One of my favorite Alternative Rock bands that shot to popularity in the 1990s is back with a new album. In April 2012, Counting Crows releases its sixth studio album, entitled Underwater Sunshine (Or What We Did on Our Summer Vacation). The only downside is that the album consists entirely of cover songs. Regardless, the band presents the old songs dressed in freshly different flavors, so it compensates for the album’s lack of original materials. The Crows’ sound is unmistakeable—Postpunk-influenced with a touch of Folk and Pop. Worth checking out are their versions of songs by Teenage Fanclub (“Start Again”), Travis (“Coming Around”), Fairport Convention (“Meet on the Ledge”), and Faces (“Ooh La La”).

Counting Crows’ debut album contains their most commercially popular songs, “Mr. Jones,” “Round Here,” and “Rain King.” The band's complete studio discography comprises of August and Everything After (1993), Recovering the Satellites (1996), This Desert Life (1999), Hard Candy (2002), Saturday Nights & Sunday Mornings (2008), and Underwater Sunshine (Or What We Did on Our Summer Vacation) (2012). Other songs that I personally recommend are “Angels of the Silences,” “Daylight Fading,” “Holidays in Spain,” “If I Could Give All My Love (Richard Manuel Is Dead),” “When I Dream of Michelangelo,” “On a Tuesday in Amsterdam Long Ago,” and “Insignificant.”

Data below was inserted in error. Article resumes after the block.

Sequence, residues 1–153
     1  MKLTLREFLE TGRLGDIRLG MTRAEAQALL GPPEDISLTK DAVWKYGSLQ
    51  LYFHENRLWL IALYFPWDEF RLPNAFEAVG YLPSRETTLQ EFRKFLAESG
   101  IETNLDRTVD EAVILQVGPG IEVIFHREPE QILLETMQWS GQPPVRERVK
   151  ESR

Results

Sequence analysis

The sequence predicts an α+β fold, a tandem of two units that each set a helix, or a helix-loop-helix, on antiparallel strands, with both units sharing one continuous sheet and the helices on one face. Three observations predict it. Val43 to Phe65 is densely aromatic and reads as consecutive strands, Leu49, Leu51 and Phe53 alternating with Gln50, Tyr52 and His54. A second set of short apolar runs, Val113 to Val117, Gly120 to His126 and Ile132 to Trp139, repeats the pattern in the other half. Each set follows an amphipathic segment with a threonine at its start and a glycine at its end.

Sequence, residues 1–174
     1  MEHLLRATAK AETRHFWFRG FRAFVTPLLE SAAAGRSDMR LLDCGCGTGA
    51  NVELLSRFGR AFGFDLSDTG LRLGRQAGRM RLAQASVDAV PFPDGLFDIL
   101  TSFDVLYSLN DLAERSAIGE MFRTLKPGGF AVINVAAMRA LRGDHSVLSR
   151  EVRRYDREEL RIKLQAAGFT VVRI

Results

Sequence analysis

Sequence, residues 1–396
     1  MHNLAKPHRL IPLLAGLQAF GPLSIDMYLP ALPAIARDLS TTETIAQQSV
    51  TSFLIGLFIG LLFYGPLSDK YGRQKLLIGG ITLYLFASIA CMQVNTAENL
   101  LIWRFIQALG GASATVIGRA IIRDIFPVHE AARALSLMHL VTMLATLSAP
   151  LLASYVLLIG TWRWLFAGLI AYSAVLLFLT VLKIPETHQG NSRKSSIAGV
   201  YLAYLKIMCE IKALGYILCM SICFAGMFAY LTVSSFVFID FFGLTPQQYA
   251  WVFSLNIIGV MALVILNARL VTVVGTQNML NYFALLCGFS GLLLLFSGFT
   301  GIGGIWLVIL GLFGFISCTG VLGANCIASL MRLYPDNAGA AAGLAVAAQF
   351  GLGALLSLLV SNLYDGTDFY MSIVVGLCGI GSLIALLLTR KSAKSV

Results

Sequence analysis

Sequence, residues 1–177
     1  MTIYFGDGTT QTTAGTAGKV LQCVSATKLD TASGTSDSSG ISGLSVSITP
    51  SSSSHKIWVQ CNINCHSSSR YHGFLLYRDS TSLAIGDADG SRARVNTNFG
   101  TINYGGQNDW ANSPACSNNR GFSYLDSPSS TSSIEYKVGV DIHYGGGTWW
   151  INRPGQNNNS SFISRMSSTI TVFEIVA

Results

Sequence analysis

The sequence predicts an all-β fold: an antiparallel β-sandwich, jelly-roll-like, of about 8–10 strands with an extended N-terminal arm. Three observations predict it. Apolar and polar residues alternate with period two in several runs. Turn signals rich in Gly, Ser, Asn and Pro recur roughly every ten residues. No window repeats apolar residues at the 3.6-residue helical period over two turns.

Final Note
Fronted by lead vocalist and occasional pianist Adam Duritz, Counting Crows was formed in 1991 in California, United States. Currently in the band with Duritz are David Bryson (guitar, vocals), Charlie Gillingham (accordion, clarinet, keyboards), Dan Vickrey (guitar, vocals), David Immerglück (guitar, pedal steel guitar, banjo, mandolin, vocals), Jim Bogios (drums, vocals), and Millard Powers (bass, vocals).

On the Distinction between Good Jokes and Bad Jokes and On the Revised CPR Procedure

Sa Madaling Salita
by aLfie vera mella

Two Bad Jokes with One Stone of Criticism
(On the Distinction between Good Jokes and Bad Jokes and On the Revised CPR Procedure)